Toast nuts to enhance the flavor.

When making fruit sauces, beverages or other dishes that call for sugar, reduce the sugar amount by 25 percent. Be careful if trying this with cakes, cookies or other baked products because you might affect the texture or volume.

Sift powdered sugar over cakes and brownies rather than frosting them for a fat-free topping.

Use whole-wheat flour or whole-wheat pastry flour to replace half of the all-purpose white flour in dishes to increase the fiber content and nutritional value.

Substitute a high-calorie or high-fat ingredient with a low-fat version.

Use evaporated skim milk instead of whipping cream or half and half when making cream soups or sauces to reduce both fat and calories. Use an electric hand blender/chopper and skim milk to whip cream. It is amazing. You can't use milk with fat, but non-fat milk in a plastic glass will whip up just like whipping cream. Merely add a little powdered sugar and vanilla sugar and you have a non-fat dessert topping. There are also some commercial brands available at the supermarket. Use skim milk in place of whole or reduced fat milk.

Use fat-free unflavored yogurt or fat-free sour cream instead of the regular sour cream. The fat-free yogurt is better in recipes that are hot or need cooking, but when topping a baked potato, try the fat-free sour cream with just a few drops of rice vinegar, some salt and white pepper and it really zips up that potato. Eliminate the butter and add some sliced green onions. Another substitution is to puree a cup of fat-free cottage cheese and add a tablespoon lemon juice in place of the sour cream.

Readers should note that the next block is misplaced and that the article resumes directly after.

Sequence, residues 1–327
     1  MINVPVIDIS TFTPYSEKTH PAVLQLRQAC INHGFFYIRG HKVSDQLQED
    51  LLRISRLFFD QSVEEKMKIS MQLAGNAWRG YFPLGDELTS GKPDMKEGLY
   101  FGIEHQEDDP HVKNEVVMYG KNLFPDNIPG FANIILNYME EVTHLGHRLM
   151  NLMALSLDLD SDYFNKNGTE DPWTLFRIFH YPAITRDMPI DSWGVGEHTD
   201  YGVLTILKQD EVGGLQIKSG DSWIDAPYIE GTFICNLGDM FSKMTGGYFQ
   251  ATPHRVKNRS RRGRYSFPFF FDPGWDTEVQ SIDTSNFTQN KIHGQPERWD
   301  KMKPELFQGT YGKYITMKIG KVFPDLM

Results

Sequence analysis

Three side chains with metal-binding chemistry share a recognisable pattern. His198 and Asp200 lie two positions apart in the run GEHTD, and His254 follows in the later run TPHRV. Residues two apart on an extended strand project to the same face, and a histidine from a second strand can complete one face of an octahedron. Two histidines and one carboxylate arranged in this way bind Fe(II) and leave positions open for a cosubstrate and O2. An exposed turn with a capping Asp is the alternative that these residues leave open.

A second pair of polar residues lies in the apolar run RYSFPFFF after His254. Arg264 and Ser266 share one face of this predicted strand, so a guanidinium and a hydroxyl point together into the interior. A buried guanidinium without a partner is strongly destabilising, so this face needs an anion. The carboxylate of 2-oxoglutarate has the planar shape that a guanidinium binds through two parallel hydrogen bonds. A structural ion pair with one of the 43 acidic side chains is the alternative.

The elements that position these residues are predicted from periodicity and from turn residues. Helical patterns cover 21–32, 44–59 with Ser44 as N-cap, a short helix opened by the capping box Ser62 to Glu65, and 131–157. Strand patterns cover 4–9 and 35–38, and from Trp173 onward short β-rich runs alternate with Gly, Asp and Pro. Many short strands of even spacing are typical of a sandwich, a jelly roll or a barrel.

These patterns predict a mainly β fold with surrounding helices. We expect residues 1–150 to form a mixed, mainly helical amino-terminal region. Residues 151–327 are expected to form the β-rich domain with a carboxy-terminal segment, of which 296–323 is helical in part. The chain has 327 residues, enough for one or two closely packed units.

Use applesauce to replace butter, margarine or oil in making muffins, quick breads, cakes and cake mixes and save a ton of calories and fat. If oil is the only ingredient that is liquid, try using half applesauce and half buttermilk, because the latter is very low in fat but has more body than skim milk, water or juice. Try pureed prunes (or baby food prunes) to replace fat in brownies and chocolate cakes or anything with chocolate. It adds a chewy texture and a sweet flavor. Again you save a huge amount of calories and fat. To puree the prunes place 3/4 cup of dried, chopped pitted prunes in a blender and add 3 tablespoons of very hot water. Blend until prunes are smooth.

Try substituting marshmallow cream for the margarine or butter in your favorite frosting recipe. You still have calories but you've eliminated the fat.

Using reduced-calorie margarine or butter would seem like a logical substitution, but it has water whipped into it and will change the texture and consistency of your recipe, especially in baked goods. However, it may be used in items that are not cooked.

Use fruit juices such as lemon, orange, apple, white grape or pineapple juice in place of some or all of the oil in salad dressings. For a less sweet dressing, use part defatted chicken broth with the juice. Eliminating all of the oil makes a watery dressing so I suggest using a little oil. Experiment.

Substitute cocoa powder for the chocolate flavor of unsweetened chocolate squares, but no fat. Use 3 tablespoons cocoa powder and 2 teaspoons hot water to make a paste for each square of chocolate.